Khartoum: Asaad Abdul Majid is saying goodbye to Sudan and its crisis-hit economy after having found a job in Saudi Arabia with a salary he says is more than 20 times what he earned from a government hospital at home.

Abdul Majid, 29, has joined tens of thousands of Sudanese medical workers, technicians, academics and others fleeing the country for better opportunities abroad, according to official statistics.

“Here in Sudan my total monthly salary was 600 pounds,” about $86 at the black market exchange rate.

“Now I have a contract with a private hospital in Saudi Arabia that will pay me 8,000 rials ($2,133),” the doctor said at a government office crowded with Sudanese completing their paperwork to emigrate.

The mounting exodus among medical workers is “a real brain drain from Sudan”, said Al Shaikh Badr, a doctor with the health ministry.

The outflow coincides with a worsening economy since South Sudan separated nearly two years ago, taking with it about 75 per cent of united Sudan’s oil production.

Sudan’s currency, the pound, has lost about 40 per cent of its black-market value since late 2011, and inflation reached 43 per cent in January. Estimates of unemployment range up to 40 per cent.

“I graduated from agricultural college in 2008 and I still haven’t got a job,” Abdul Mo’en Ahmad, 30, said at the emigration office where he prepared to leave for neighbouring Saudi Arabia.

He said his family paid 20,000 pounds for a permit allowing him to live and look for a job in the Saudi kingdom.

More than 94,000 workers left Sudan last year, compared with about 10,000 in 2008, according to a labour ministry study.

It highlighted a rising number of migrants in the higher education, health and technical sectors, though these skilled categories are still a minority among those leaving.

“The national economy is losing so much as a result of this migration,” which has worsened in the past two or three years, said University of Khartoum economist Mohammad Aljack Ahmad.

He said labour ministry figures might not even reflect the true extent of the movement, which is also driven by non-economic factors.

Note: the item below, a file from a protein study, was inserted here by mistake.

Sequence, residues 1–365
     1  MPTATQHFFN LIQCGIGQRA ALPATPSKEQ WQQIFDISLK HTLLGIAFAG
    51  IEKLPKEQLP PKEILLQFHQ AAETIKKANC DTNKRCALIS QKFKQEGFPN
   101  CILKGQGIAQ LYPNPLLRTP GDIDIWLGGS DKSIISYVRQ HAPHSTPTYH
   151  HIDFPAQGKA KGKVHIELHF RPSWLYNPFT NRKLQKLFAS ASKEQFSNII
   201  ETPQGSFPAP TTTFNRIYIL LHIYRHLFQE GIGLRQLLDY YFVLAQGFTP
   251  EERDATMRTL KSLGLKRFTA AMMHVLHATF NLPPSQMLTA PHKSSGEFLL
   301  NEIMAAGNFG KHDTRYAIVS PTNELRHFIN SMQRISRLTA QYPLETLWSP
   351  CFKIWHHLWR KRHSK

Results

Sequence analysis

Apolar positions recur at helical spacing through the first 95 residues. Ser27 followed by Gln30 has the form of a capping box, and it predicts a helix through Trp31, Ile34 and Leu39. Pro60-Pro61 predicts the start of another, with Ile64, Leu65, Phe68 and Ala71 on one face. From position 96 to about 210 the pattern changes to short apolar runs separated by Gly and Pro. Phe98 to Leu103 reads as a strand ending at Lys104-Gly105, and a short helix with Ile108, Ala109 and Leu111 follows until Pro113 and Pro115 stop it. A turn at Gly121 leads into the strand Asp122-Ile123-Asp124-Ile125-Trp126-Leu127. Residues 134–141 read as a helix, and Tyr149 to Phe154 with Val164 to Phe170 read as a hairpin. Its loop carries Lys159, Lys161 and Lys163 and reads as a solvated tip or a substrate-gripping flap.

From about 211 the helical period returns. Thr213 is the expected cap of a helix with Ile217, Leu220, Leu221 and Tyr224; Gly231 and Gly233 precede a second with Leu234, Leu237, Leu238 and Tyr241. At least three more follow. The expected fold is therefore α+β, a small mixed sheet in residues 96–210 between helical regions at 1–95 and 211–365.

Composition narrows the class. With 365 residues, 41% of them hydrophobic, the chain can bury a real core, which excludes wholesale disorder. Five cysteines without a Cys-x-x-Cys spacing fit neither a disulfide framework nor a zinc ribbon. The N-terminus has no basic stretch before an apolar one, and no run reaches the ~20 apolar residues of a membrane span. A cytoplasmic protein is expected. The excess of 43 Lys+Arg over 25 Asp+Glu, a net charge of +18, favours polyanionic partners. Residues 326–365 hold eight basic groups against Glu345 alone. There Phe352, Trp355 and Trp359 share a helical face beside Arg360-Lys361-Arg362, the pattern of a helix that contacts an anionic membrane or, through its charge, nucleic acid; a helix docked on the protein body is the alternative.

Jobs in government institutions are often believed to be allocated on political, tribal or ethnic grounds rather than merit, an “injustice” driving away members of the intelligentsia, he said.

At the same time, the government spends a negligible proportion of its budget on education and health, Aljack Ahmad added. “I don’t think I will return”.

Analysts say a majority of Sudanese government spending goes towards security and defence.

According to the labour ministry study, 1,620 doctors left Sudan last year compared with 338 in 2008.

Nurses and other skilled health workers are also moving abroad as part of what Badr called “massive migratory flows” of medical personnel.

“The magnitude is of real concern to the Ministry of Health”, said Badr, the ministry’s deputy director general for human resource development.

Low salaries are not the only reason for the flight, said Anshu Banerjee, the World Health Organisation’s representative in Sudan.

“If the drugs are not there, if the instruments are not there, if you’re trained as a doctor and you don’t have the means to perform your profession, then of course, it becomes demotivating,” he said.

Nationwide there were 1.3 health workers per 1,000 people in 2011, against the WHO benchmark of 2.3.

“I think it is hard to find one person in Sudan who is not tempted to work abroad”, said Badr.

Labour ministry figures show Saudi Arabia is the largest beneficiary of Sudanese migrants but thousands have also left for the United Arab Emirates, Qatar, Kuwait, Libya and elsewhere.

Mohammed Adam Osman has spent the past five years as an accountant in Qatar.

He said he is earning a far higher salary in the energy-rich Gulf state and is also able to provide his children with a “good education”, something he couldn’t offer them back home.

“What I know about the situation in Sudan, I don’t think I will return,” he said.